Quality Time

My timelines are filled with posts and comments about slowing down. Challenges about how we spend our time. Chastisements for rushing our children. Reminders of the miracles we miss in the everyday.

Yeah, yeah. I got it.

But world keeps moving. My job expects me to show up on time and work while I’m there. The girls have school. In the weekday hours that don’t belong to my nine-to-five, Hubby and I focus on the basics — food, clean clothing and shelter. My girls very well can’t go out into the world dirty and unfed. Oh, and somewhere in those same hours of the day, I need to squeeze in a workout or two so I can combat these hypertensive, heart-unhealthy genes I inherited.

I don’t want my life to be a rote execution of schedules, but I find the thought of carving out time for quality time to be exhausting. It feels like one more thing for a to-do list that is already too long.

Perhaps I’m over thinking it.

This weekend, I spent 15 minutes holding a collapsable laundry basket while my daughters threw tennis balls into it. The TV was off because we had just come in from a marathon errand run. I forgot my bag in the car, so my mobile phone wasn’t a distraction. Actually, I didn’t miss my phone until it was time to set an alarm for the next morning.

It didn’t seem like a big deal at the time, but I’ve been reliving my girls’ reactions. Lil Ma clapped, stomped her feet and laughed so hard she lost her breath. Mini Me cheered on her sister and gleefully retrieved balls that missed the basket. The thought of their smiles have kept me smiling most of today.

Putting a permanent end to my mad dashes would be wonderful, but it’s not realistic right now. What I can do is better enjoy the little moments that come in between.


My parents have called me Mouse since I was 10 years old. If you were to ask them the reason behind the nickname, they would simply say that I was a quiet kid. Most parents equate silence with trouble. When it came to me, silence just meant I was reading.

The name took on a meaning I doubt my parents intended. Family members interpreted my quiet nature as an extreme case of shyness. Some made an extra effort to “draw me out,” while others isolated me as a way of respecting my space. My reactions didn’t help matters. I would withdraw when forced to participate, and I was apathetic when left out.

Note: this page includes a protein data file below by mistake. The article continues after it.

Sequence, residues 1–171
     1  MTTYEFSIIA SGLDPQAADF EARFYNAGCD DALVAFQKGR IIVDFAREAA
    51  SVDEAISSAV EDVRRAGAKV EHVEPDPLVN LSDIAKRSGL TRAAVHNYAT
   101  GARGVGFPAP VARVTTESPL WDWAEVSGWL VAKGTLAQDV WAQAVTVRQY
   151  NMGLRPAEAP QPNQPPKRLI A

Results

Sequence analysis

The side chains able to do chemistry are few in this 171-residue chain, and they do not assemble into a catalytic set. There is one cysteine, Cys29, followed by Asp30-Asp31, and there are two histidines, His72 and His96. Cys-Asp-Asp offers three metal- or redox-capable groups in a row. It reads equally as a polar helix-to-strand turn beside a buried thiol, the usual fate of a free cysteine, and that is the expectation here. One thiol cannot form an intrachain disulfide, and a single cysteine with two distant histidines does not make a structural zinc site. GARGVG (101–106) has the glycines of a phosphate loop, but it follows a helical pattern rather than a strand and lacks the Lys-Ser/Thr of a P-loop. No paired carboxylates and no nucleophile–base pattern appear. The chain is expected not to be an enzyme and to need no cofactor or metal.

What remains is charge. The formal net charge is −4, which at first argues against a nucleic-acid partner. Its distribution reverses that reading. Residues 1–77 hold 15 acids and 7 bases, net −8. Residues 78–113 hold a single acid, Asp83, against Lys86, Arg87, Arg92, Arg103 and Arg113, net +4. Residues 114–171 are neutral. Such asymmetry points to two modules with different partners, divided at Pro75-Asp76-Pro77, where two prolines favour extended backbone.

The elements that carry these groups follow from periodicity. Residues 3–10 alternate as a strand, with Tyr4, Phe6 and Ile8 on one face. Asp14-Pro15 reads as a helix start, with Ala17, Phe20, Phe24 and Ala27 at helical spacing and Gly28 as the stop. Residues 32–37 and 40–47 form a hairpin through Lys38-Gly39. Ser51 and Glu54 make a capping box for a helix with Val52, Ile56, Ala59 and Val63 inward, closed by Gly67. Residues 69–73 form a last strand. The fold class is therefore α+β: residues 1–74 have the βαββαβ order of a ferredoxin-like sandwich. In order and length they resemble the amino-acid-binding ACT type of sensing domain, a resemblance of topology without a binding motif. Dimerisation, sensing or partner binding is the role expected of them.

I remember a summer weekend spent with my cousins when I was about 12. Rhonda, who was a year older than me, signed up to dance in a community center talent show with a friend. While Rhonda was rehearsing the day before the show, the director asked me if I wanted to dance too. Before I could tell her that I couldn’t learn the dance in a day, Rhonda’s mom said:

“Oh, no. She’s VERY shy. She’d never get up in front of people.”

Was I a little shy? Maybe. But very shy? No, but I was starting to believe it.

I later learned there is a name for my personality, and it’s not Mouse or Shy. It’s Introvert. They are not the same. People who are shy may want social interaction, but it makes them anxious. I have no qualms about being around people, but I also value my alone time. It keeps me centered.

I try to keep the differences between introverts and extroverts top of mind as I raise my girls. I want to recognize their personalities so they aren’t misunderstood the way I was at times. So far, it looks like I have two extroverts, but time will tell.

Are you an introvert or an extrovert? Did your family treat you a certain way because they mistook you for one or the other?

A Look Back: Saturday Night Fever

When I was a single gal, I looked forward to the weekend. I could sleep late, run a few errands and still have enough weekend left for some fun. I wasn’t a big party girl, but I typically had plans a few times a month. It was a good mix of movie nights with friends, dates, and club outings.

These days, my weekends consist of grocery runs, dance practice, and laundry. I got up early today so I could drive my mom to church for usher board meeting. Then I went to Target, where I miraculously spent only $30 before heading to the hair salon.

I still need to take Mini Me to have her hair braided, I’ve not made it to the grocery store, and I agreed to watch my cousin’s daughter because her sitter is sick.